TIME NOW TO SPEAK OF WRITERS. We are, most of us, a particularly cramped breed, gunning for little victories: the newest wrinkle, the most telling detail, the juiciest quote, the phrase or paragraph or—please, God—page that approaches the song in our grasping, caffeine-riddled minds. Writers are selfish. Writers judge. Writers trust words more than people. There's a reason writer and neurotic so often end up in the same sentence.

Cramer wasn't like that. Readers in Baltimore in 1974 felt it in his description of a dedicated city finance director crawling on a four-story ledge to get the locked-out mayor into his office. Readers in Philadelphia in 1981 felt it in his lyric account of the funeral of IRA hunger striker Bobby Sands. I knew it, like thousands of other wannabe writers, in 1986, when Esquire published his epic on Teddy Ballgame: There was a generosity, a largeness, to his probing that allowed a man's grace and venality to coexist in one all-too-human stew. Cramer loved what we were supposed to hate—the cruel jock, the armed zealot, even the supposedly tedious times and tasks required to land a story. Told that the Red Sox wouldn't give him access to Williams, he laughed and said, "Great news!" Cramer liked the difficulty. He loved the whole damn thing.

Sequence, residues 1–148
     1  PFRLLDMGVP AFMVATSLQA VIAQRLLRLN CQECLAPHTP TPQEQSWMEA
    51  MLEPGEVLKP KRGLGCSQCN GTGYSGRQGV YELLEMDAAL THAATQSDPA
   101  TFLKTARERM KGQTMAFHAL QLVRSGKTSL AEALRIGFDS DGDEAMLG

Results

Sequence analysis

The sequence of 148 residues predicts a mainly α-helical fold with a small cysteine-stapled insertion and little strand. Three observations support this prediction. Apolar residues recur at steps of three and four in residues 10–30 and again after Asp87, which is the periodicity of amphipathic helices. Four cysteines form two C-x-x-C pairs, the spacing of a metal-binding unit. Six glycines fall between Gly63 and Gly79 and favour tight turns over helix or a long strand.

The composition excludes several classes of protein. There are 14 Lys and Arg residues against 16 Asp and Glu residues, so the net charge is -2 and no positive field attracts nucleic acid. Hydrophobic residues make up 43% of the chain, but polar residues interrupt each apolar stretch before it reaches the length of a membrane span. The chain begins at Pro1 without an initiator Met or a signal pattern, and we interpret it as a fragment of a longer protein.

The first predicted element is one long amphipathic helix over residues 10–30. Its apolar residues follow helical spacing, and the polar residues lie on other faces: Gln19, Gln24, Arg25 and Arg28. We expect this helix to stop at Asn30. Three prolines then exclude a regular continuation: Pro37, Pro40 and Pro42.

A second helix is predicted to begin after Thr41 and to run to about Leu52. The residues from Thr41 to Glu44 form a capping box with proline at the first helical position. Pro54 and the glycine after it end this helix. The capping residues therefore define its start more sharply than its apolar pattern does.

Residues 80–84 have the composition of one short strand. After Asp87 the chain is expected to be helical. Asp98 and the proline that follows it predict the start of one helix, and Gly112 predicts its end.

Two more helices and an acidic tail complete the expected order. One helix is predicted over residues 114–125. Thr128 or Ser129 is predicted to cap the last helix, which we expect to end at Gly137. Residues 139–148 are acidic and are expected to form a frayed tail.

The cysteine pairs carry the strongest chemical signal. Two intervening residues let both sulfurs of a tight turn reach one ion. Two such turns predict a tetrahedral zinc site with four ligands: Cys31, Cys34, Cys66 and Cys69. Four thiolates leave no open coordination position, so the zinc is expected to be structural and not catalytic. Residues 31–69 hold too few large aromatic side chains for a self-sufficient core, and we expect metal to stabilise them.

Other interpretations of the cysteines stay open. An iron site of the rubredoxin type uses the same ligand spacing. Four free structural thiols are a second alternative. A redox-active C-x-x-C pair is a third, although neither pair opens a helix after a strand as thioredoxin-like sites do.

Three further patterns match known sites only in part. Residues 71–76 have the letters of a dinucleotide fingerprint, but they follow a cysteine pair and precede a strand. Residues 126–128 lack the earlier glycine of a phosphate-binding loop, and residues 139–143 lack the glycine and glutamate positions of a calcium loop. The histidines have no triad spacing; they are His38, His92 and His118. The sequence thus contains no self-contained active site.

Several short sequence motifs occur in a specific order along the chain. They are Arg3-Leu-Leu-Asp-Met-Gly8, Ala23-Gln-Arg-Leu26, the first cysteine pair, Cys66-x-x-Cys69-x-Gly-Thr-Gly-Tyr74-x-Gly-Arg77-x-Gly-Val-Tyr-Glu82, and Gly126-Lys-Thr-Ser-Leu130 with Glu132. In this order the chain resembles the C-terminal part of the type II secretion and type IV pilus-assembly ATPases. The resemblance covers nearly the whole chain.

Few men try for best ever, that story began, and Ted Williams is one of those. There's a story about him I think of now....

With those words and that piece, it was clear that Cramer was throwing down a marker: He was going for it all—the biggest subjects, the toughest nuts, the title itself. He was trying for best ever in the writing universe, stepping onto the nonfiction mat dominated by Norman Mailer and David Halberstam and Tom Wolfe. Such audacity was, in Cramer's most famous phrase from that story, "a bitch of a line to draw in America's dust." And he was just getting warmed up.

"Go get the tombstone," Cramer rumbled when, early in the process of What It Takes, he was told that another book on the 1988 campaign was being written. "We're gonna bury this f-----' guy."

Thirteen years later, long after "What Do You Think of Ted Williams Now?" had been widely acclaimed as perhaps the greatest piece of sportswriting ever, What It Takes was named, by NYU, the 58th-best work of journalism of the 20th century. "Did you see?" Cramer said of one giant listed a few places ahead. "I can write him under the table!"